An Update on Mighty House

Last month we authorized the Low Income Housing Institute (LIHI), our 501(c)3 fiscal sponsor, to use the balance of our funding to build tiny houses for people experiencing homelessness. This funding was originally intended to be used for the construction of Mighty Houses, but the COVID-19 pandemic created huge impediments to making that a reality. While vaccinations have started to become available, circumstances surrounding the coronavirus will continue to be a barrier to Mighty House production for the foreseeable future.

The need for tiny houses remains pressing and is perhaps more urgent than ever, as non-congregate forms of emergency shelter allow for greater social distancing and reduce spread of the coronavirus. Given this critical need, we felt that we could not in good conscience continue to sit on our funding when it could be put to immediate use by others to fulfill our core mission: providing high quality emergency shelter for people living outdoors.

In the final months of 2019 we raised enough money to build five Mighty Houses, and we had ambitious plans to partner with local contractors who would lead build parties with their communities. But as the coronavirus pandemic took hold and as lockdowns were instituted, the social distancing requirements necessary to prevent the spread of the virus made building Mighty Houses close to impossible. We did have some success — a local design build firm called Batt + Lear built a Mighty House with a small crew of carpenters practicing social distancing — but as the pandemic worsened and as businesses continued to suffer the effects of the economic downturn, we were unable to find organizations that could take on a build.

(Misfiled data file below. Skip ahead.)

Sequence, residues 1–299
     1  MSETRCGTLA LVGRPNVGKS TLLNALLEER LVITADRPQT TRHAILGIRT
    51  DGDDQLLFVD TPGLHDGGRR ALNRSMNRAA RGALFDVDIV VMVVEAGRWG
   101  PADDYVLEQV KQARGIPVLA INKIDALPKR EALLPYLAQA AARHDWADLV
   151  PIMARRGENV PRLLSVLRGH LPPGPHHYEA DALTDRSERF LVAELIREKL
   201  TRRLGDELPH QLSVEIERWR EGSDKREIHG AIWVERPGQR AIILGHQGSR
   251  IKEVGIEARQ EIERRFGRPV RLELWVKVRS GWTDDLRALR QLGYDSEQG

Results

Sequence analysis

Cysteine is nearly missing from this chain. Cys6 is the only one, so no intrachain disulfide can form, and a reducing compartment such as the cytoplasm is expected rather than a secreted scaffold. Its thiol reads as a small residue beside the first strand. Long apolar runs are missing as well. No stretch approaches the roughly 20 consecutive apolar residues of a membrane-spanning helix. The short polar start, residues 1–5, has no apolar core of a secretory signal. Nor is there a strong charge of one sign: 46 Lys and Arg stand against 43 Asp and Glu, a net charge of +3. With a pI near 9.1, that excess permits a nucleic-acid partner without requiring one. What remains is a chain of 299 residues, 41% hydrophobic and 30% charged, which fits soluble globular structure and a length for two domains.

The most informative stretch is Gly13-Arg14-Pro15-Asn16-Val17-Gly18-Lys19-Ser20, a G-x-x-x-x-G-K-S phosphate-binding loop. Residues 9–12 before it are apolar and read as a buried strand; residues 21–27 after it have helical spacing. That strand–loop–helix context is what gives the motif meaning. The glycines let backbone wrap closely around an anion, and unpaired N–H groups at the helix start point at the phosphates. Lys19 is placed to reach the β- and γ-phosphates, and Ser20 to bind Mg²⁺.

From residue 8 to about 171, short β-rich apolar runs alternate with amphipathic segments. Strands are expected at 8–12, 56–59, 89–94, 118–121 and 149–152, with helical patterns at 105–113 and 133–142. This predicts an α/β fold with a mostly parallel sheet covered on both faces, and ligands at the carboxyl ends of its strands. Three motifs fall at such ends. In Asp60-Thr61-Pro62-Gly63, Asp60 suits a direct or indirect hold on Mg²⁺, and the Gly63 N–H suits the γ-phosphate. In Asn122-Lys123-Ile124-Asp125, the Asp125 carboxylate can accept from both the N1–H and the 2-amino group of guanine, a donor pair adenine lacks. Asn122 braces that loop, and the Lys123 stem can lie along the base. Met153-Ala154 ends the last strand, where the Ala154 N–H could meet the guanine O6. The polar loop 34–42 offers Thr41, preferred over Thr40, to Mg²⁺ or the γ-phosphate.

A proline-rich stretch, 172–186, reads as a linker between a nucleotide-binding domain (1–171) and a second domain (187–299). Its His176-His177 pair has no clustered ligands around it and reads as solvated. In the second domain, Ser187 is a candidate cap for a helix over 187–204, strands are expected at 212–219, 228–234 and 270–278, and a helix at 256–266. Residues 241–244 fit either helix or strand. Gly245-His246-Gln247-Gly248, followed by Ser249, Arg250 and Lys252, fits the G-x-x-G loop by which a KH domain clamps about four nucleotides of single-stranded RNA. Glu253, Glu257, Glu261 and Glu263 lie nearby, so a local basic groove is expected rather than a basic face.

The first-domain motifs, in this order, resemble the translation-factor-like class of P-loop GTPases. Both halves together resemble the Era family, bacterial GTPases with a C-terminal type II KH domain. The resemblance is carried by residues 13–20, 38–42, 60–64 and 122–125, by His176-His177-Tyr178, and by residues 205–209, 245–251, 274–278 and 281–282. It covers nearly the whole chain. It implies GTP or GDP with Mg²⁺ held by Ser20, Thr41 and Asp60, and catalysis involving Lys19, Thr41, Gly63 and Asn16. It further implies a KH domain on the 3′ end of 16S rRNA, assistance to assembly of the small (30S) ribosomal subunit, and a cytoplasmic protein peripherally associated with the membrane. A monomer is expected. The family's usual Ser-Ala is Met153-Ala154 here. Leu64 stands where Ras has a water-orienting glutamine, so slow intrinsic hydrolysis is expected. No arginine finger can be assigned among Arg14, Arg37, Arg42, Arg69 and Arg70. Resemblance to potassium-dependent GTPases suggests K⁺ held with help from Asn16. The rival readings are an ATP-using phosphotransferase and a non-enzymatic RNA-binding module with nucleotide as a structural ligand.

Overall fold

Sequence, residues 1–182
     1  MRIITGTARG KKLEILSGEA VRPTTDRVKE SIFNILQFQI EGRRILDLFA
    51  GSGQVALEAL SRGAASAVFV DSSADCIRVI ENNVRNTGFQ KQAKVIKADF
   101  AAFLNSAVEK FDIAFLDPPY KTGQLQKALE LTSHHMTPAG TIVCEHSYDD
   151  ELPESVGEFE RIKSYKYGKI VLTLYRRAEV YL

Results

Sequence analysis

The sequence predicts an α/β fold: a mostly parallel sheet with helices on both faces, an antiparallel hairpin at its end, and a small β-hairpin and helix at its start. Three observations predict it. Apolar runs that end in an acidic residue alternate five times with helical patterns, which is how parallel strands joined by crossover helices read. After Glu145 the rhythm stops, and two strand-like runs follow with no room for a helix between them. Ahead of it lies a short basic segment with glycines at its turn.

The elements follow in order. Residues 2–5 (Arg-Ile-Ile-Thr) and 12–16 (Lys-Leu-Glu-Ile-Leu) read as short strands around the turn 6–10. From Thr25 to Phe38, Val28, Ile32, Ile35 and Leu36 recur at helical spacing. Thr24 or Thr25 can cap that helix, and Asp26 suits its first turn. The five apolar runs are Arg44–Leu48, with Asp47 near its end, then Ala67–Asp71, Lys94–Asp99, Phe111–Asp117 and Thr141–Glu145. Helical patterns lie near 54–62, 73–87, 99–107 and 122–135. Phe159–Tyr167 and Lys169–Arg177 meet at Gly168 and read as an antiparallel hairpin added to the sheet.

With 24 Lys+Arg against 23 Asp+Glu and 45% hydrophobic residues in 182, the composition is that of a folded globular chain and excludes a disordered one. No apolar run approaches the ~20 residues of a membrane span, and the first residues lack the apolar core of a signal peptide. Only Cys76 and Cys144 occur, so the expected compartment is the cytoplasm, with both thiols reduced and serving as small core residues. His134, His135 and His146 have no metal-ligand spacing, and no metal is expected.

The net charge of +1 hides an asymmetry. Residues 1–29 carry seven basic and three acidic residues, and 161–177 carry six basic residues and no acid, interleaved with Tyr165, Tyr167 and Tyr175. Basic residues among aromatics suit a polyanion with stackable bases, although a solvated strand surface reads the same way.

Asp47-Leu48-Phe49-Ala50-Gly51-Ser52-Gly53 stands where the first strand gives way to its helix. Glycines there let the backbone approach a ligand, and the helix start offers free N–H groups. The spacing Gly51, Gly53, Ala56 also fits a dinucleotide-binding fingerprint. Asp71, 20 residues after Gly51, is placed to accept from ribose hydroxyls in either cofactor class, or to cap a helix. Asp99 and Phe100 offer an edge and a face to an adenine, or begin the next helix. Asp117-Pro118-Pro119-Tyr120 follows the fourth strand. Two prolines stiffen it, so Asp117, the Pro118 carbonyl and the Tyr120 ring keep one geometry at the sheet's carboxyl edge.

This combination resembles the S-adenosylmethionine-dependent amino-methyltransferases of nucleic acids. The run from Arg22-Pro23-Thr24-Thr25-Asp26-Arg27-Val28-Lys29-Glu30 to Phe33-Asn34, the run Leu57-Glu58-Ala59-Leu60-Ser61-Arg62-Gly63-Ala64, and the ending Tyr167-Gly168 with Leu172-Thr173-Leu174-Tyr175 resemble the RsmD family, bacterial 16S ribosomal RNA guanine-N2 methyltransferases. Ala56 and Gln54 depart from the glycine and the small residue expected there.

With only one of our five Mighty Houses built, the remainder of our fundraising sat unused for months. But the need for tiny houses only continued to grow, and so we decided our resources needed to be put to use: if not by us, then by others.

It was a difficult decision to release the money that we worked so hard to fundraise, but we did so knowing the that LIHI would be able to put it to immediate use. LIHI and their dedicated volunteers have worked tirelessly over the last year to get people into shelter during the pandemic, and we have seen first hand the incredible work that they are doing. LIHI operates a volunteer-powered tiny house assembly line which pumps out a new tiny house practically every other day.

While we’re saddened that our big Mighty House effort was stymied by the pandemic, we know that in passing our funding on to LIHI, we’re supporting a mission that is very near to our own and dear to our hearts. If you donated to Mighty House in the past, we appreciate all you’ve done to support our efforts and our mission. We hope you’ll understand the circumstances surrounding this decision, and we look forward to connecting with you soon.


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Anton Dekom

Architect and advocate for affordable housing, density, and for those living unsheltered.